In some cases, extracurricular activities matter as much as a students’ academic record. This is often the case for students who intend to study art in college. While admissions committees want to see that you’re a committed student who takes their courses seriously, your talent, portfolio, and dedication to art activities will also be crucial to the admission committee’s decision. That’s because your experience as an artist is often a better indication of how you’ll fare in art school than your performance on an AP exam in a different subject. Here are some ideas for arts extracurriculars for students interested in visual arts.
1. Clubs and activities. These are generally school-based or local activities and can occupy different tiers based on a student’s involvement and commitment. Note that not all these arts extracurriculars are directly related to visual arts, but many art students may find them interesting and related to areas they may pursue further in college. They may also find niches within the club; for example, in comic book club, they may serve as an illustrator. Some examples of art clubs may include:
- Anime Club
- Broadcast Club
- Bullet Journal Club
- Calligraphy Club
- Ceramics Club
- Comic Book Club
- Figure Drawing Club
- Filmmaking Club
- Origami Club
- Painting Club
- Photography Club
- Scrapbooking Club
- Video Production Club
- Woodworking Club
2. Self-directed activities. If there aren’t any clubs you want to join at your school, and you aren’t interested in starting one, consider tackling a self-directed activity! These extracurriculars are personal projects where you have a great deal of autonomy. Based on your impact, these extracurriculars can be developed into high-tier activities.
- Start a photography or film business. Those who love to film or take photos could offer their own services. There are plenty of opportunities and lots of demand for quality images and video. You could shoot senior photos for your classmates, offer family and engagement shoots, create wedding videos, or do photography for local businesses. Additionally, you’ll learn to create an online portfolio and market your business.
- Teach art lessons. Giving art lessons is another way to share your passion and talent with others. You could offer private or group lessons for students of all ages.
- Publish videos on YouTube. If you’re a strong videographer with a bubbly personality, consider starting your own YouTube channel. A channel with an intellectual theme (like history, environment, activism, or art) will have more weight in college admissions than a vlogging platform. You can always find ways to combine your passions and a topic that’s more “serious.” If you love anime, for instance, you could consider applying film theory to anime in your videos.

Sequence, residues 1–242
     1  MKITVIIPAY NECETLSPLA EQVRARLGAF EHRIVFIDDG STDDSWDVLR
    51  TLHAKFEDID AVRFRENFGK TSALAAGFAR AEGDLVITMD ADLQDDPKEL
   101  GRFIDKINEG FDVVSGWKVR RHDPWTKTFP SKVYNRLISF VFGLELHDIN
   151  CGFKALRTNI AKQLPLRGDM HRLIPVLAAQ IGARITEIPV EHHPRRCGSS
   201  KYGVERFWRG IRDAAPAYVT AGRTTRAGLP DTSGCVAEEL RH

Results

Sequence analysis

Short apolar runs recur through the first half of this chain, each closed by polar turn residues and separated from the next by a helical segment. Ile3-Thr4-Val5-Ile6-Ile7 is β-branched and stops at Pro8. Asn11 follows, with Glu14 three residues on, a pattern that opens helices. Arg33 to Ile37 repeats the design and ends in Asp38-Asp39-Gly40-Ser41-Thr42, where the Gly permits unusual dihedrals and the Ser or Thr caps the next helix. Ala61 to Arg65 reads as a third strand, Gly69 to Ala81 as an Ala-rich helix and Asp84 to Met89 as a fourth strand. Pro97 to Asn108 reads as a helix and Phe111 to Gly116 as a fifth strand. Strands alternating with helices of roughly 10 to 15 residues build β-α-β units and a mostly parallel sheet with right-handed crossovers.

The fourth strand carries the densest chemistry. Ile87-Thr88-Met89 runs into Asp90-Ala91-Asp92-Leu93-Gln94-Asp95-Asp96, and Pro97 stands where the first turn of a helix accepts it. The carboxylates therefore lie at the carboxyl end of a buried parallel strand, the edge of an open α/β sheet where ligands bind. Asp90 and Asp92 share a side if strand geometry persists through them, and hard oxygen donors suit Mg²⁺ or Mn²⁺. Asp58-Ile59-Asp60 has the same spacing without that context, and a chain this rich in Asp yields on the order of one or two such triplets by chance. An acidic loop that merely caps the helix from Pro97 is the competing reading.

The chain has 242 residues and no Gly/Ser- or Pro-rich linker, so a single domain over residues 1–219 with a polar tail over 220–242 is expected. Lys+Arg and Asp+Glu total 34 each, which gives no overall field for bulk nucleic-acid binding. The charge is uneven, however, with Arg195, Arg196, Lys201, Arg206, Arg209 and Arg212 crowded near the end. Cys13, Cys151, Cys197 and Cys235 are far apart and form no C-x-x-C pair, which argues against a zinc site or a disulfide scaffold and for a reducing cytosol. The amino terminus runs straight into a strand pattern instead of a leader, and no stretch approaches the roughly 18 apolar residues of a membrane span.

- Design graphics and logos for businesses and events. Those with an eye for design can apply their skills in many settings. Maybe the school dance needs an eye-catching poster, the school newspaper wants to redesign its website, an online magazine needs a digital illustrator, or a local business needs a new logo. Put together a portfolio, get your name out there, and get real-world experience in design!
3. National Art Honor Society. With chapters in high schools across the country, NAHS recognizes more than 58,000 students who demonstrate “an outstanding ability and interest in art.” Members can access leadership opportunities, scholarships, and more. Depending on a student’s level of participation in NAHS, it will largely be a tier 1-3 activity. For example, if a student wins a national award or scholarship through the society, it’s likely a tier 1 activity, while a chapter secretary should think of it as a tier 3 activity.
4. Competitions. A number of prestigious arts competitions exist, and these are arts extracurriculars that will really stand out, especially with a first place win.
- Congressional Art Competition. Artists are invited to use a variety of mediums for this national high school art competition, including painting, drawing, print, collage, mixed media, digital art, and photographs. Submit your work to your congressional representative’s office to be judged within your district. Winners will go on to have their art displayed for one year at the US Capitol.
- National YoungArts Foundation. Students aged 15-18 apply for a spot at the National YoungArts Week, where they are mentored by top artists and compete for scholarships and a nomination as a US Presidential Scholar in the Arts. This award is granted to high schoolers who demonstrate excellence in both art and academics. This competition isn’t limited to visual arts, but also includes categories for writing, music, and dance.
- Scholastic Art & Writing Awards. High school artists submit work to be judged at the regional level, with winners going on to the national competition. Winners can receive scholarships of up to $10,000, and will be recognized at a ceremony in NYC’s Carnegie Hall. Judging categories include everything from Video Games to Jewelry to Architecture & Industrial Design (as well as more traditional categories like Painting, Drawing & Illustration, and Photography).
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